The Model Law Commission aims to mirror the work of the Law Commission and on the 19th of November 2015 we were opportunity to have an intimate view of what that meant due to a visit from the Law Commission. In our weekly Thursday sessions we are usually in our separate teams researching, analysing and debating our area of law. However on this day there was a hustle and bustle as we gathered together and waited to be imparted with knowledge. Indeed we did receive knowledge.
Photo: Students and volunteers engaged in the Law Commission guest lecture.
The presentation which was given by members of the Law Commission was insightful to say the least. We were given an overview of what the Law Commission does but the main onus of the presentation was focused on the report stage. We were told about the work that goes into the making of a law reform report with the hope that its recommendations will be accepted by Parliament leading to the creation of new and improved law. Of course one would expect that the important process of law reform would be approached with a great deal of care, however one might not be aware of how much thought really goes into every proposal made.
The Law Commission is an independent organisation which considers whole areas of law. Each recommendation is preceded by an awareness of a problem in the current law. Here lies the vital
role of the Law Commission, which attempts to alleviate the complications with proposals arrived at only after thorough analysis and consultations. One aspect which was particularly fascinating to learn from their visit was the impact of consultations on their finalised recommendations. I was surprised to discover that proposals can be thoroughly revised depending on the results of consultations. It was a reminder that law cannot and should not be limited to a handful of minds and that law encompasses the masses whose relevance to its creation cannot and should not be undermined. It is encouraging to know that those affected by the law in need of reform can have a direct impact on the outcome when an attempt at reform is in action. This is perhaps what I respect most about the work of the Law Commission.
The effect of all the recommendations is weighed up in what is called an impact assessment. Each potential reform is assessed for its legal, social and economic impact. Although I did imagine something like this would be carried out, the presentation revealed the true nature of the impact assessment showing it to be much more convoluted than I had originally thought. The Law Commission has the difficult job of estimating the cost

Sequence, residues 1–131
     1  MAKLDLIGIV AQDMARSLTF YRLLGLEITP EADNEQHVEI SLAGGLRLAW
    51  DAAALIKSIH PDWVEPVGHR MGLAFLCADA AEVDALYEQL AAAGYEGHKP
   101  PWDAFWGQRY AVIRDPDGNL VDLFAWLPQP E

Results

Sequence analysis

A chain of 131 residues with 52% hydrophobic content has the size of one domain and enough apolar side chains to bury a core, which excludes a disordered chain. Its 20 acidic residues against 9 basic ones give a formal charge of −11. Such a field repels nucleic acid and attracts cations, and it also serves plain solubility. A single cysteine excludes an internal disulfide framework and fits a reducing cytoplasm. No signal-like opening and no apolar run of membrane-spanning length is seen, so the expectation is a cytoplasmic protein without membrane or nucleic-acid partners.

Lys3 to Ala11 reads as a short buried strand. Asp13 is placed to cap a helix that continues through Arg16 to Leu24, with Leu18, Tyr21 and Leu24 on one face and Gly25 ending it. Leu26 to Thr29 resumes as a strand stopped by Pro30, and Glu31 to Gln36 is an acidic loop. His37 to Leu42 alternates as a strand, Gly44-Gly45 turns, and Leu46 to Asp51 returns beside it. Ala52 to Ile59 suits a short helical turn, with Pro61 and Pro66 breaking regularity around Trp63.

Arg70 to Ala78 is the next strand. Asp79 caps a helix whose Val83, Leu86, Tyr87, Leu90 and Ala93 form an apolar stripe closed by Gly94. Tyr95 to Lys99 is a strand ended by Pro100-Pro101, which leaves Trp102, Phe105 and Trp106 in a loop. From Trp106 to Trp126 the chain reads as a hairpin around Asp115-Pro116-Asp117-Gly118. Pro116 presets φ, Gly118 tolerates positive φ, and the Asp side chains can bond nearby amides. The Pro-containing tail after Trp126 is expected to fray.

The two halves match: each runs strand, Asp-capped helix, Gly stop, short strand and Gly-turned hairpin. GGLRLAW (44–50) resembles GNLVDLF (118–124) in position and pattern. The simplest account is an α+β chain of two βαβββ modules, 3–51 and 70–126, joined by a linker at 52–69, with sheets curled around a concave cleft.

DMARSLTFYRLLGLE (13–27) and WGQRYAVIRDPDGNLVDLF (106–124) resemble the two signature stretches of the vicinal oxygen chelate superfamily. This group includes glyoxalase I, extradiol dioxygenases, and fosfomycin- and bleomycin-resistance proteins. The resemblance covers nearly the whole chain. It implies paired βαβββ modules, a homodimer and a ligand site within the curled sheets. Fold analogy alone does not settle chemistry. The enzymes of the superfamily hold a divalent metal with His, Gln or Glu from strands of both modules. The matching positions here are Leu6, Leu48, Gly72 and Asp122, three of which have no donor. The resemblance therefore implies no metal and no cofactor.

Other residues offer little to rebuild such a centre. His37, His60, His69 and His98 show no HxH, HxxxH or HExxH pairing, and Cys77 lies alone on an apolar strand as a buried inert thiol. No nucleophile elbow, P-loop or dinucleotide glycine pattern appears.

and benefits of any potential reform they suggest in non-financial and financial terms. This has to be assessed even when the area of law in consideration is seemingly void of a fiscal element. It was truly interesting to learn how this can be calculated and its importance. The law must above all be reasonable in all aspects; the impact assessment places this point at its centre.
The Law Commission has kept the law under review for 50 years and counting. Their findings and recommendations have seen to positive changes in law. For instance the Corporate Manslaughter and Corporate Homicide Act 2007, which made companies and other organisations criminal liable for deaths caused by bad working practices, was enacted by the government following a report by the Law Commission.
The importance of the Law Commission's independence cannot be stressed enough and is the driving force for creating unprejudiced recommendations of reform that are void of bias and political influence. Although the Law Commission must wait for Parliament to accept and implements its proposals, the importance of their work can’t be disputed. The official website for the Law Commission states the aim of the Commission is to ensure that law is fair, modern, simple and effective. One can’t help but admire such a modest goal.
Law reform is a reflection of growth. To see no reason for it is like one seeing no need for a person to put away childish thoughts, reasoning and judgment once they attain maturity. Law reform acknowledges technological advancement and is necessary to counter complex and/or outdated law. Society is always changing, form our beliefs to our economy, nothing remains the same therefore the laws regulating the state that we live can also not remain the same. If survival of the fittest reigns then law reform is simply adaptation to avoid being left behind in our ever evolving world.
The visit from the Law Commission has taught me much but more importantly increased my curiousity. Participating in the Model Law Commission has seen me practicing the work of the Law Commission which is driven by the belief that even a concept as concrete as law can progress. I have witnessed through the sessions, debates and study of case law and legislation that the inefficiencies in the running of the state can be made better. This give me hope.